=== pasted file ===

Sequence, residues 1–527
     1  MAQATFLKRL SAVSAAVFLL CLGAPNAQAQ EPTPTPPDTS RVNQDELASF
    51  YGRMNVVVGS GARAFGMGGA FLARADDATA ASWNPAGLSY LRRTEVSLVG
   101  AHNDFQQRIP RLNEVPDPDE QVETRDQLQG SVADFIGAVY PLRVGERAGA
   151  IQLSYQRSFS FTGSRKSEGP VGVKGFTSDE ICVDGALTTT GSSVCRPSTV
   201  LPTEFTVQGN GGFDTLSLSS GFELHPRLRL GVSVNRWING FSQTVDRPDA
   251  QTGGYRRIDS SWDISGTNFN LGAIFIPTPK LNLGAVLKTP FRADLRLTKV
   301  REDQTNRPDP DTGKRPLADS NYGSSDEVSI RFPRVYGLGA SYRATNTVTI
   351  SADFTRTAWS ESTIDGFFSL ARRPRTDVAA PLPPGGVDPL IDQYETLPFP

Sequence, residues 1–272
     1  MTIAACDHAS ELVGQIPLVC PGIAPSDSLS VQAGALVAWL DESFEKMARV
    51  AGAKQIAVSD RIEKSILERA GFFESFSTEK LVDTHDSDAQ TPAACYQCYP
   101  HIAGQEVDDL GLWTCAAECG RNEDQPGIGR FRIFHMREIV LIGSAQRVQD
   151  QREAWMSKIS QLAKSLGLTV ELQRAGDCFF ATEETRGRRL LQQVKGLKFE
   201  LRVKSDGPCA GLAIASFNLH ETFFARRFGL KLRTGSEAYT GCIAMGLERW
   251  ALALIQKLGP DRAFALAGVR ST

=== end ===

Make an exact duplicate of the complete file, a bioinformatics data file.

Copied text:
Sequence, residues 1–527
     1  MAQATFLKRL SAVSAAVFLL CLGAPNAQAQ EPTPTPPDTS RVNQDELASF
    51  YGRMNVVVGS GARAFGMGGA FLARADDATA ASWNPAGLSY LRRTEVSLVG
   101  AHNDFQQRIP RLNEVPDPDE QVETRDQLQG SVADFIGAVY PLRVGERAGA
   151  IQLSYQRSFS FTGSRKSEGP VGVKGFTSDE ICVDGALTTT GSSVCRPSTV
   201  LPTEFTVQGN GGFDTLSLSS GFELHPRLRL GVSVNRWING FSQTVDRPDA
   251  QTGGYRRIDS SWDISGTNFN LGAIFIPTPK LNLGAVLKTP FRADLRLTKV
   301  REDQTNRPDP DTGKRPLADS NYGSSDEVSI RFPRVYGLGA SYRATNTVTI
   351  SADFTRTAWS ESTIDGFFSL ARRPRTDVAA PLPPGGVDPL IDQYETLPFP

Sequence, residues 1–272
     1  MTIAACDHAS ELVGQIPLVC PGIAPSDSLS VQAGALVAWL DESFEKMARV
    51  AGAKQIAVSD RIEKSILERA GFFESFSTEK LVDTHDSDAQ TPAACYQCYP
   101  HIAGQEVDDL GLWTCAAECG RNEDQPGIGR FRIFHMREIV LIGSAQRVQD
   151  QREAWMSKIS QLAKSLGLTV ELQRAGDCFF ATEETRGRRL LQQVKGLKFE
   201  LRVKSDGPCA GLAIASFNLH ETFFARRFGL KLRTGSEAYT GCIAMGLERW
   251  ALALIQKLGP DRAFALAGVR ST